Millennials are generally regarded as a liberal SJW faction who often rely on social media and slacktivism to influence action on political issues. It’s no shock that millennials are more commonly liberally minded on social issues like pre-marital sex, abortion, LGBT issues and student loan debt than older generations.
But when it comes to gun control, millennials seem to be more in favor of the Second Amendment that one would think; of note, they’re less likely than age groups over 30 to support stricter gun laws. According to a 2015 Gallup poll, only half of 18-to-29-year-olds support stricter gun laws, compared to 57 percent of 30-to-49-year-olds and 56 percent of 50-to-64-year-olds.
More interesting is how a recent ABC News/Refinery29 survey revealed that one in 10 millennial women listed gun rights as the most important issue in last year’s election—a figure that ties with abortion. This year, Pew Research data revealed almost a quarter of American women own guns, though women do tend to buy firearms later in life. The average age at which a woman makes her first gun purchase is 27; for men, it’s 19. Unsurprisingly, researchers noted women are three times more likely than men to own guns for protection. Nearly a quarter of American gun owners are women in urban areas.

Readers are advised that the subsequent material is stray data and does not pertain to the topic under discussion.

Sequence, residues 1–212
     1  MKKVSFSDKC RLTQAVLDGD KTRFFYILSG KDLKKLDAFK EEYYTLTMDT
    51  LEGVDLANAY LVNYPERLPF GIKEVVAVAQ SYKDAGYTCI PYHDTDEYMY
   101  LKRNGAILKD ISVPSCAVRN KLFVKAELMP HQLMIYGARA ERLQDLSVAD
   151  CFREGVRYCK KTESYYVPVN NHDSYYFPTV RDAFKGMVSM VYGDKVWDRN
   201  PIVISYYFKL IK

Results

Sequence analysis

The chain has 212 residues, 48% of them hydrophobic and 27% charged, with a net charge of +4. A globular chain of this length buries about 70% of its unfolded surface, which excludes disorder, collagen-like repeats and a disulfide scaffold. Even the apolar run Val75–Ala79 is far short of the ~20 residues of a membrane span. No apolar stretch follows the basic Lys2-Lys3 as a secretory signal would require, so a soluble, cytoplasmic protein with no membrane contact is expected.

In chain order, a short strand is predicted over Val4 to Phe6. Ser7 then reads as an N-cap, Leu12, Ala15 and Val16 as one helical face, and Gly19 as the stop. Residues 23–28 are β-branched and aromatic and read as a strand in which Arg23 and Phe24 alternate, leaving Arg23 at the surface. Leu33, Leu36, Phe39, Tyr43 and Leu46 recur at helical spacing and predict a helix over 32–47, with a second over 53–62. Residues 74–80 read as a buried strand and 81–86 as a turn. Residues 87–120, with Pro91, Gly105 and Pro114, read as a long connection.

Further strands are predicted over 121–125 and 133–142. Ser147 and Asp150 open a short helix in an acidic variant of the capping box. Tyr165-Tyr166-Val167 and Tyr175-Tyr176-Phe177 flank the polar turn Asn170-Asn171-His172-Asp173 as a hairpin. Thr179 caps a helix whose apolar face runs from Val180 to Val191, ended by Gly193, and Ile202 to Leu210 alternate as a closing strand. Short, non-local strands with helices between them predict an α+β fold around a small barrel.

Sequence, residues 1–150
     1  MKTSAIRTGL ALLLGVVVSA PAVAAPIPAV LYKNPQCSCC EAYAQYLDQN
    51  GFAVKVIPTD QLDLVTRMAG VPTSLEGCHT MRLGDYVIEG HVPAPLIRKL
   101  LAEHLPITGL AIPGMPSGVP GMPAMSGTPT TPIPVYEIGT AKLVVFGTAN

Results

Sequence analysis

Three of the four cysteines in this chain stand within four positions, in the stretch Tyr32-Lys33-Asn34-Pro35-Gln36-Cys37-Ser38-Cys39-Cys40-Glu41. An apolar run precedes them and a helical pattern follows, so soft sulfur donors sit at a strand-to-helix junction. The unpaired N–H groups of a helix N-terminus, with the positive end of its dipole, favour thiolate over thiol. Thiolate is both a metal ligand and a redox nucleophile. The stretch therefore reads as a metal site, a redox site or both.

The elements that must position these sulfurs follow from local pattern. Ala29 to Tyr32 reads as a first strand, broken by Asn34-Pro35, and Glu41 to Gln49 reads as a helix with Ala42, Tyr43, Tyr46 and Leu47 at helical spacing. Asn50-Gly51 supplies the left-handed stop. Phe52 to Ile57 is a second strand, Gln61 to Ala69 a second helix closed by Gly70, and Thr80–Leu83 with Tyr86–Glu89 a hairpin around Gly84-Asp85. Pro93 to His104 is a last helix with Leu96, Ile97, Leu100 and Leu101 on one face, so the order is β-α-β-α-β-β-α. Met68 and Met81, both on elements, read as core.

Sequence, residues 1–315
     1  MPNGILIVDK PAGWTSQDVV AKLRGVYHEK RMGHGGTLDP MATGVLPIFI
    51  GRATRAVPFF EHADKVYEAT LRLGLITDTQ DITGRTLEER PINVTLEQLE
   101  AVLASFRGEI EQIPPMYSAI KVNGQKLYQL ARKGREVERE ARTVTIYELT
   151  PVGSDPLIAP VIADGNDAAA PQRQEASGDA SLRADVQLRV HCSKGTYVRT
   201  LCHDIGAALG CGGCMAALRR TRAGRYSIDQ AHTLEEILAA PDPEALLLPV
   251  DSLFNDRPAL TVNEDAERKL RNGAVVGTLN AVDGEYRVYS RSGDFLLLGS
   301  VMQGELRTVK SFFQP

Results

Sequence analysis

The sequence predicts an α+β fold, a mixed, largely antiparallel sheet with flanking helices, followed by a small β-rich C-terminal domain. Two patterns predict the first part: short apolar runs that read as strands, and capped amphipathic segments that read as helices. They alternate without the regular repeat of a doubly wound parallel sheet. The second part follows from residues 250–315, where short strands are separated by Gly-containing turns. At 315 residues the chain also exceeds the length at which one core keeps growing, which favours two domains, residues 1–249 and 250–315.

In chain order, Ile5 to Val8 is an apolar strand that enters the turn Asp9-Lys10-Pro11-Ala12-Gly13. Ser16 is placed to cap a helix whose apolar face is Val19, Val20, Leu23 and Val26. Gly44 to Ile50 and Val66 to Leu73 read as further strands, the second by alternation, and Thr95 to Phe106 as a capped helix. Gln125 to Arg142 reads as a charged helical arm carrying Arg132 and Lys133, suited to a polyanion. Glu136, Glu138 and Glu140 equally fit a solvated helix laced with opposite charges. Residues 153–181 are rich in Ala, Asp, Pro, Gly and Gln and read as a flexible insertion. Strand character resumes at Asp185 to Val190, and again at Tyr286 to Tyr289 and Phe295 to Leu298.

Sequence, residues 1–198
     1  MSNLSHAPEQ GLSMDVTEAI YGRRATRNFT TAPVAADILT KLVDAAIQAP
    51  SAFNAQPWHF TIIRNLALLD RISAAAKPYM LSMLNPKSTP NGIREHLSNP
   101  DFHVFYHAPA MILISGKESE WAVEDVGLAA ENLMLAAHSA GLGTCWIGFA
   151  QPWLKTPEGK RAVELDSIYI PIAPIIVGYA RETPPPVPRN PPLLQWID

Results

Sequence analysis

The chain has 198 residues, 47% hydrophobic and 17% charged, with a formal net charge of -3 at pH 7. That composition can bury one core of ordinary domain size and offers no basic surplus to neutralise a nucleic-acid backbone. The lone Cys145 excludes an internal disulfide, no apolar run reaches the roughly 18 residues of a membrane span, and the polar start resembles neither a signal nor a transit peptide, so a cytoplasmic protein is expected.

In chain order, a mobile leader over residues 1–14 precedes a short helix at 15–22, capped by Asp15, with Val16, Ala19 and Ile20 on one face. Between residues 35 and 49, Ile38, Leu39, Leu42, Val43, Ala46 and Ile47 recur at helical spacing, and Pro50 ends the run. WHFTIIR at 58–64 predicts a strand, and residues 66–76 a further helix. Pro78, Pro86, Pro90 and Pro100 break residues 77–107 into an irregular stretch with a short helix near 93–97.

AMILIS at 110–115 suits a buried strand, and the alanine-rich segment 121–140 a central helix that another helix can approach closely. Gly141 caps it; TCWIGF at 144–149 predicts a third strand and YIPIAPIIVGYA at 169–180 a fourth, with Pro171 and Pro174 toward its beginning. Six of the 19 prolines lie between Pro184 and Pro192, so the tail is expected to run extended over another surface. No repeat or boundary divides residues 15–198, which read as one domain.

As Bustle first reported,, The National Rifle Association took note of this trend last October when it spent $6.5 million in advertising that targeted millennial women. The outlet also reported how manufacturers are ramping up production on weapon accessories for women, like special firearms with smaller frames, custom colors, leopard shooting gloves and bullet jewelry.
Research published in the American Journal of Public Health in 2003 reported that people with a history of domestic violence are five times likelier to commit a murder when a firearm is in the house. For women, the likelihood increases by a whopping 500 percent. Again, this underscores the notion that women purchase guns for protection.
As Bustle notes, in 2013, Tina Wilson-Cohen, founder of She Can Shoot shooting league, told the New York Times that 90 percent of the women who joined her club did so because “they’ve been a victim at one point of their life, of stalking or date rape or domestic violence, or they have just felt so vulnerable, and they want to feel competent and like they can protect themselves.”
But existing research does refute that claim. A 2016 report from the Violence Policy Center found that women defending themselves from sexual assault with a gun is so rarely reported that it’s almost non-existent; only 15 women used a firearm to kill a man in self-defense in 2014. Another Pew study from 2014 cites the percentage of millennial gun ownership is lower than other age groups. They were primarily purchased for sport. While a good explanation for the precedence would be that millennials are broke and guns are expensive, the report notes that, while numbers are lower, a surprising number of women in the category own a gun.
So perhaps the reason millennial women are purchasing more guns boils down to empowerment. Women are literally taking matters of life and death (or assult) into their own hands—and the industry is supporting them. The days of the damsel in distress are over.